2. If your broker does not fulfill your request, you have the right to transfer your shares directly to the transfer agent. The transfer agent will keep your shares in safekeeping and the shares will be registered in your name. This will take a few business days, and there may be fees assessed for initiating the transfer.
3. Request a stock certificate. The only way to be absolutely sure your shares are not being loaned out to facilitate a short sale is to physically hold the certificate in your hands. This way, you are in complete control of your shares of stock, and shares held in certificate form are nearly impossible to be used for short sale purposes.
Depends entirely on the shorts continuing to cover and taking profit. They had a very nice gain earlier in the day, but the stock keeps drifting higher.
My guess is that there's a chance the stock finishes the day between the $32.40 open and flat.
I don't think there's a set pattern as to when they would increase the distribution.
For example, in 2010, the increase occurred in Q4.
11/2/2010 Cash 0.66 10/25/2010 11/4/2010 11/12/2010
8/4/2010 Cash 0.63 7/27/2010 8/6/2010 8/13/2010
The last increase occurred in Q2:
5/4/2012 Cash 0.725 4/24/2012 5/8/2012 5/15/2012
2/3/2012 Cash 0.69 1/27/2012 2/7/2012 2/14/2012
None of the analysts had any negative comments. It was mostly--what are you doing going forward type questions.
That was the fund manager for Allianz Asset Management AG, who is the second largest institutional shareholder behind Morgan Stanley.
Management is surprised because guidance concerning excess cash was 5-10% and the excess cash was 18%.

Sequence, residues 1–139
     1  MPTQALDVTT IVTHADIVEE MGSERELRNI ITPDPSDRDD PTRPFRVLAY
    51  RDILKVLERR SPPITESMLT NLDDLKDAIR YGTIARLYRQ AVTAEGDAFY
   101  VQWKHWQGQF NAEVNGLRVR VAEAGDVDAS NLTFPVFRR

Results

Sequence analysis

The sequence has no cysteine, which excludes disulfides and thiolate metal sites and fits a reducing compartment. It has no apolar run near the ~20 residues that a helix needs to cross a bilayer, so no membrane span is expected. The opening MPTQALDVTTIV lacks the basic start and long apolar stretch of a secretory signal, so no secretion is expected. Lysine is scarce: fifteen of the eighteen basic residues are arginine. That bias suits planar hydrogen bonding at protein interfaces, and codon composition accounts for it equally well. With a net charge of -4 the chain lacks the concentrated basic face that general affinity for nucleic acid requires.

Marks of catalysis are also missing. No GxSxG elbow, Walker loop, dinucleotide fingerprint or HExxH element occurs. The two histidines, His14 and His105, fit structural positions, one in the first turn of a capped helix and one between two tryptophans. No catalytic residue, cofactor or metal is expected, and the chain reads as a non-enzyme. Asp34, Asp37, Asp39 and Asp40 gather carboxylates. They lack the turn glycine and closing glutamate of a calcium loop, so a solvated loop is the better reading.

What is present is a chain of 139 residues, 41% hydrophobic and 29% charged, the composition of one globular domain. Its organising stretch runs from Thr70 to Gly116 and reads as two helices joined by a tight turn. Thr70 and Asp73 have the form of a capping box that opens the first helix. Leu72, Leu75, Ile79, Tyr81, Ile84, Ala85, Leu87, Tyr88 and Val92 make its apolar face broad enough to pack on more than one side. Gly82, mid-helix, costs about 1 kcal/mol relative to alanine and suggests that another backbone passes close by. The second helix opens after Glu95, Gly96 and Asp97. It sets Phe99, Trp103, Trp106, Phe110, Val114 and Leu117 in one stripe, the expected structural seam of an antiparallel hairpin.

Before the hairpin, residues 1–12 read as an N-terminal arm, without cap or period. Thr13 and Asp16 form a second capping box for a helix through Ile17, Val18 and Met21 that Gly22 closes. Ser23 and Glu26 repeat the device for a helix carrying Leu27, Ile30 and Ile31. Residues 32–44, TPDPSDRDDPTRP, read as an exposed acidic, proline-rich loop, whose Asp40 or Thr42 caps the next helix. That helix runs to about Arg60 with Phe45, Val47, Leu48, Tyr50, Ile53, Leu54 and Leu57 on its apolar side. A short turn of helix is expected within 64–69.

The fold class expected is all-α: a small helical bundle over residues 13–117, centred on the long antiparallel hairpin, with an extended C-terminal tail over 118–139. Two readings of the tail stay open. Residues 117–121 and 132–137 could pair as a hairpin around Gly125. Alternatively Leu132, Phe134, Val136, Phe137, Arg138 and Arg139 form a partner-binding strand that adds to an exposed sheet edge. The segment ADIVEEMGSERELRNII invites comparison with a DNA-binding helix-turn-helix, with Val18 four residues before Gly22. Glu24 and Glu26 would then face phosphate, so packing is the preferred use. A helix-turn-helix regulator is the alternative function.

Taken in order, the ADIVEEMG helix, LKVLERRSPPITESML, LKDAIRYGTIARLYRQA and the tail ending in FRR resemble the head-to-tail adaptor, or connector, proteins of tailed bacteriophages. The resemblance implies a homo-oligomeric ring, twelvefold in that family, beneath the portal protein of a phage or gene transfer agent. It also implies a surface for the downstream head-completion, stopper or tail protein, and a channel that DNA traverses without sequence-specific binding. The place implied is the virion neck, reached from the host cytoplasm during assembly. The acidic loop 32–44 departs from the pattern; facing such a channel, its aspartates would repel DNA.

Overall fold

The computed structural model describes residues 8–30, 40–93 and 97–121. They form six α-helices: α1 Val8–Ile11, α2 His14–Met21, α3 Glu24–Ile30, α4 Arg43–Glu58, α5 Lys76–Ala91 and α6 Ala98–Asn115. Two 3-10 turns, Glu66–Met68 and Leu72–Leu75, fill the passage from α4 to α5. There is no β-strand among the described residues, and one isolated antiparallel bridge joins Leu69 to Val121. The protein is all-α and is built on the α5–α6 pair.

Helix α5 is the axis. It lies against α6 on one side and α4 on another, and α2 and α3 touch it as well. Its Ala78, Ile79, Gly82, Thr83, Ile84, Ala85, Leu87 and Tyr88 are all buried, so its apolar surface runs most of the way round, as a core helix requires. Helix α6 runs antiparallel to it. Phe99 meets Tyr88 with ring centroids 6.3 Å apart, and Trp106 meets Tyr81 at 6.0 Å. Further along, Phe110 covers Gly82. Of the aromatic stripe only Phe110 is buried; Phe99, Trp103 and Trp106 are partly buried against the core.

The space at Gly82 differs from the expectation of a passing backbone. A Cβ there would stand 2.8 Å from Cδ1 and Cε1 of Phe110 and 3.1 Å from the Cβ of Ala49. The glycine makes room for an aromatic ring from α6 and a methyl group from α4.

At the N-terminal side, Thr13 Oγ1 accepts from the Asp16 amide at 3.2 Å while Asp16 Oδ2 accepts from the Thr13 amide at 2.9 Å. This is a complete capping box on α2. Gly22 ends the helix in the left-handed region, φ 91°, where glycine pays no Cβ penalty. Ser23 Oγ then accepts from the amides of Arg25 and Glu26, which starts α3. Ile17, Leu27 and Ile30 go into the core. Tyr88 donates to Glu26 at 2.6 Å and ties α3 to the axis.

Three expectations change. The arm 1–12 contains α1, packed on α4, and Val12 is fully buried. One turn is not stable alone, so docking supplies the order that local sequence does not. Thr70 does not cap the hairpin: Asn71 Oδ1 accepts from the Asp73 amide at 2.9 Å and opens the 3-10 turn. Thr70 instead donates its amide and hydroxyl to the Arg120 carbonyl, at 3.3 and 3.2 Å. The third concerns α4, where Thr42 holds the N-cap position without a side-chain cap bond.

That was also a comment from the second largest LINE shareholder, who didn't see any problems with the quarter.
Why is the Weil analyst hedging his bet? Because he probably knows that short interest (despite the SEC resolution and completion of the Berry merger) remains very high:
Settlement Date Short Interest Avg Daily Share Volume Days To Cover
2/14/2014 12,644,964 1,294,277 9.769906
1/31/2014 12,651,989 1,576,527 8.025228
1/15/2014 13,040,887 1,669,781 7.809939
12/31/2013 13,716,591 2,320,695 5.910553
12/13/2013 13,791,830 1,949,826 7.073364
11/29/2013 11,900,752 1,170,143 10.170340
Any good news could send the shorts scrambling for cover and thus an "immediate" rebound in the share price.
As to our other point, yes, there are BRY shareholders who received LNCO shares (not LINE units), but BRY also brought substantial assets, revenues, and EPS to the table as well.
I figured out what the issue is. The revenues estimate was $627.29M. The actual revenues were $585M.
Where did the difference come in? There was a $44M non-cash changes in fair value of unsettled commodity derivatives. That's the difference.
Basically, it appears when natural gas prices rose dramatically, their hedges didn't work, which accounts for the revenue difference.
I've got excess Q4 cash at 18%, but that still beats the guidance of 5-10% excess cash for Q4.
The key numbers are the revenues, which were as follows:
"Increased oil, natural gas and NGL sales 27 percent to approximately $585 million for the fourth quarter 2013, compared to $461 million for the fourth quarter 2012; and 29 percent to $2.1 billion for the full-year 2013, compared to $1.6 billion for 2012."